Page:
So you’ve moved to a new city–for college, a new job, a relationship, or just a change of place. Maybe you’re with people you know–family or friends–or maybe you’re all alone, for now. No matter what brought you to your new city, there are five things you can do quite easily to make this new place your home. 

Get a local ID

When I moved, I put off getting a local ID for awhile because I wasn’t actively driving, so I wasn’t exactly committing any crimes. However, if you are driving, or if you want to be taken seriously as a local, head to the DMV as soon as possible. It’s pretty easy to check online and see what documents you need, but your old ID or passport, proof of residency, and proof of SSN should suffice in most places. Once you have a local ID, you’ll feel a little more “official” and it was likely help a lot when you’re navigating bars, driving, and other places that want to see ID. 

Get a library card

Having fun isn’t hard when you’ve got your library card. Moving is expensive, and settling into a new city can be overwhelming. Get a library card ASAP to take advantage of their free resources and find a welcoming place in the community. If you’ve already got a local ID, getting a card will be easy. Otherwise, you may need to bring proof of residence. Then, you can take part in their programs, meet some new people, and check out books and DVDs. When I moved in middle school, the library was a savior for DVDs while we waited for our cable to be hooked up. Plus, there’s usually free Wi-Fi if your connection hasn’t come through yet. 

Register to vote

Do you truly live somewhere if you have no stake in what’s going on? If you’re just temporarily in a place–say for a six month internship–this is surely not necessarily, but if you’ve moved to a new town and have no immediate plans to move again, register to vote. 2020 is a big election year all around, and you want your voice to be heard. Plus, then you might get selected for jury duty, which is a real “I live here now” moment.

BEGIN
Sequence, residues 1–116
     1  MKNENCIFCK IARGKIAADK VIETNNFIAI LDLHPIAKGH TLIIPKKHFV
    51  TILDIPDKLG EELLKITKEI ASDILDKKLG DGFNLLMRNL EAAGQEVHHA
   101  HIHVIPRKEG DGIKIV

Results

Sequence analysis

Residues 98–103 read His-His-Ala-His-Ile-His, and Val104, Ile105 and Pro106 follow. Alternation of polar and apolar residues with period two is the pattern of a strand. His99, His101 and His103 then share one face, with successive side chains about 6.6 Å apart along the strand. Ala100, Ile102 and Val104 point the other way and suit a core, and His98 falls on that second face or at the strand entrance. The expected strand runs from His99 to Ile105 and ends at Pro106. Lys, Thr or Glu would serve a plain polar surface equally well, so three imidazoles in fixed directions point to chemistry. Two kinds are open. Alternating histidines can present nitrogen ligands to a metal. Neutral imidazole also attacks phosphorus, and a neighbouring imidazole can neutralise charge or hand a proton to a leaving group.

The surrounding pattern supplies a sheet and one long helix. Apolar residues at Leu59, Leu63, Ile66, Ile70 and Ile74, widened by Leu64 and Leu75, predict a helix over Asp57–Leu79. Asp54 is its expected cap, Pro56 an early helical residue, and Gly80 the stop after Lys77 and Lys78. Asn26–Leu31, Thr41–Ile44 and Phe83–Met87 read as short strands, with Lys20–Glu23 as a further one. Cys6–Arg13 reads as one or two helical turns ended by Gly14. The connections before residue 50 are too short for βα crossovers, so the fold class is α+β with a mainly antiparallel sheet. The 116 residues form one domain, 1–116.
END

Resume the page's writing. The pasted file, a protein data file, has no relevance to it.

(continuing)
Find a church or similar community

For many people, they don’t feel settled in a new place until they find a spiritual community. This could be easy, as simple as going to the church nearest you, or you might shop around to find the right fit. For me, moving to a new city meant finding a new DAR chapter, a group of women who would form a new community for me. Regardless of your religion or social connections, your new city isn’t your home until you’ve got a community. This could be a moms group, a sorority or social group, a church or Bible study, or a board game collective. Try finding groups online that have local offshoots if you’re struggling to find your scene in a new city. 

Get out and about

We all know that person who claims to live in DC but never gets off Capitol Hill. Or lives in NYC but never leaves Manhattan. There is so much more to having a “home” than the area you know best. Get out and explore in a safe way to learn more about the little known secrets of your new city. In DC, that’s meant going a little further on the metro lines and simply walking around one afternoon, or agreeing to go to restaurants off the beaten path. You could find a new hiking spot, a new grocery store, or simply make plans to go thrift shopping in a new part of town. The opportunities are endless, but you’ll feel a lot more comfortable in a new environment once you get the lay of the land. Get out of the Uber and use public transportation or your own two feet. 

Aryssa D
FFL Cabinet Member